Youth, Gender and the Body
Led by Dr Julia Coffey, research in this theme explores the relationships between gender, sexualities, and the body and their significance in young people's lives. This theme explores diverse issues including gendered body ideals in youth digital visual cultures; contemporary femininities, masculinities and non-binary embodiments; digital feminist activisms; and gendered body performances in youth physical cultures. Research on these themes draws on innovative qualitative methodologies including visual methods of digital photo-voice; and creative, drama-based and participatory methods to bring the body to the forefront in producing knowledge about the body's role in producing selves and contemporary socialities.
Dr Julia Coffey
University of Newcastle, Australia
Julia Coffey is a Senior Lecturer in Sociology at the University of Newcastle, Australia. Her research explores themes of gender, youth, health and the body. She is the author of two books, Body Work: Youth, Gender and Health (2016, Routledge) and Learning Bodies: The Body in Youth and Childhood Studies (Springer, 2016, edited with Helen Cahill and Shelley Budgeon). Body Work progresses sociological understandings of the significance of embodiment and affect in young people’s health and wellbeing; specifically the affective and embodied qualities that contribute to gendered body concerns for youth. Her research and publications advance feminist new materialist concepts and theories to understand the processes by which young bodies materialise. She is on the editorial board for Journal of Youth Studies and the Journal for Applied Youth Studies.
Dr Adele Pavlidis
Dr Pavlidis works in the Griffith Centre for Social and Cultural Research as a Research Fellow. Her work focuses on affective-discursive relations and the ways health and wellbeing are enabled or impeded by a range of sport and physical cultural practices. In 2018 she began her ARC DECRA fellowship which explores the ways Australian sport culture is changing, focused particularly on women in contact sports. She has published two monographs, Sport, Gender and Power: The Rise of Roller Derby (with Simone Fullagar, 2014, Routledge) and Feminism and a vital politics of depression (with Simone Fullagar and Wendy O'Brien, 2019, Palgrave) as well as articles in internationally recognised journals in sport, sociology, cultural studies, and leisure studies.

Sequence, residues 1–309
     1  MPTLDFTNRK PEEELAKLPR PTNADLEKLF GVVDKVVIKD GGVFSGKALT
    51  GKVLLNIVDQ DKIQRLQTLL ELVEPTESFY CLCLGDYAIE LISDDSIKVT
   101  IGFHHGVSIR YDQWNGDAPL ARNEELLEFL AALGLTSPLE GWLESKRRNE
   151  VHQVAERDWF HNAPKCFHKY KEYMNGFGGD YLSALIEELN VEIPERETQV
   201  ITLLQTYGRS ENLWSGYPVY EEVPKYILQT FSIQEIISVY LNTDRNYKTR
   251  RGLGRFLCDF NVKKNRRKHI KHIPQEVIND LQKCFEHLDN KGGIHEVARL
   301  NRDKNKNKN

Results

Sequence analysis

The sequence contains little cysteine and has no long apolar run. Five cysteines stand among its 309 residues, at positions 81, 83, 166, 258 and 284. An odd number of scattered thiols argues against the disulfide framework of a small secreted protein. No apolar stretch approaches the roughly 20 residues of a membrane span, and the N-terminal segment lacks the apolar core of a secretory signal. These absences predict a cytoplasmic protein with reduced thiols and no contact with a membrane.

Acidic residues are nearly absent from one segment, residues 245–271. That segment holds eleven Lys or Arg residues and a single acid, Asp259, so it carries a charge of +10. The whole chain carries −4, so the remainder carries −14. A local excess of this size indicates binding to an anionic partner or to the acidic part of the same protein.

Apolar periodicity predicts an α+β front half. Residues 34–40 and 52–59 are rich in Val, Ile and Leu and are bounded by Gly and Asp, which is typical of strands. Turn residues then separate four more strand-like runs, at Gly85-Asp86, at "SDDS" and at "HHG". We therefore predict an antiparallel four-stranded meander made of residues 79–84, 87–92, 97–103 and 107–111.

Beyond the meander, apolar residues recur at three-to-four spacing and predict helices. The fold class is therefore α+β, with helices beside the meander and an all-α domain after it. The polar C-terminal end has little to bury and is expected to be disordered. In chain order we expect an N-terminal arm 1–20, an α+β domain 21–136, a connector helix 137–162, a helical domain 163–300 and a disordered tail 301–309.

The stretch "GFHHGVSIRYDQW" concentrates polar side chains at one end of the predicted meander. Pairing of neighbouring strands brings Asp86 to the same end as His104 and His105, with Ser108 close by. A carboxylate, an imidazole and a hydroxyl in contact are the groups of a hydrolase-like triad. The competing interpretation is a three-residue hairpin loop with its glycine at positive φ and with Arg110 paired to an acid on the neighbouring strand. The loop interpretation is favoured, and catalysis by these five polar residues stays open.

Prof Penny-Jane Burke
University of Newcastle, Australia
Professor Penny Jane Burke is Global Innovation Chair of Equity and Director of the Centre of Excellence for Equity in Higher Education (CEEHE) at the University of Newcastle. Since completing her ESRC-funded PhD in 2001, she has been actively involved in shaping the field of equity in higher education (HE) through research, institutional leadership and the development of research networks and programs. Pushing the boundaries of the field, she developed praxis-based approaches that work towards transforming educational spaces and imaginaries and bringing research, theory and practice together. Her personal experience of returning to study via an Access to Higher Education program has fuelled her ongoing commitment to generating research with impact; firmly located in social justice methodologies. Penny Jane has published extensively in the field, including the authored books, Changing Pedagogical Spaces in HE (Burke, Crozier and Misiaszek, 2018, Routledge), Reconceptualising Lifelong Learning (Burke and Jackson, 2007, Routledge), The Right to HE (Burke, 2012) and Accessing Education effectively widening participation (Burke, 2002). Since relocating full-time to Australia in 2016, Professor Burke has engaged and informed the Australian HE sector in both research, policy and practice including through her role as an inaugural member on the Australian government’s Equity Research and Innovation Expert Panel. She holds an honorary professorship with the University of Exeter, UK and has held the posts of Professor at the University of Sussex, UK and the University of Roehampton, London and Reader at the Institute of Education, University of London.
Prof Jessica Ringrose
University College of London
Jessica Ringrose is Professor of Sociology of Gender and Education at the UCL Institute of Educationand co-chair of the International Gender and Education Association. Her research seeks to transform sexist media cultures, and activate gender and sexual equity in Secondary Schools. She is currently studying youth digital sexual cultures, and feminist and LGBTQ Activisms and strategies for tackling toxic masculinities in an age of #MeToo. Her impact profile includes public engagement as consultant and expert advisor for The UK Government Equalities Office, The Mayor of London; The British Council, The UK Youth Select Committee into Body Image; The NSPCC, The Office of Children's Commissioner (England), Stonewall; Womankind Worldwide and more. Her latest books are:Feminist Posthumanisms, New Materialisms and Education (Routledge, 2018); and Digital Feminist Activism: Girls and Women Fight back against Rape Culture (Oxford University Press, 2019).
Prof Anna Hickey-Moody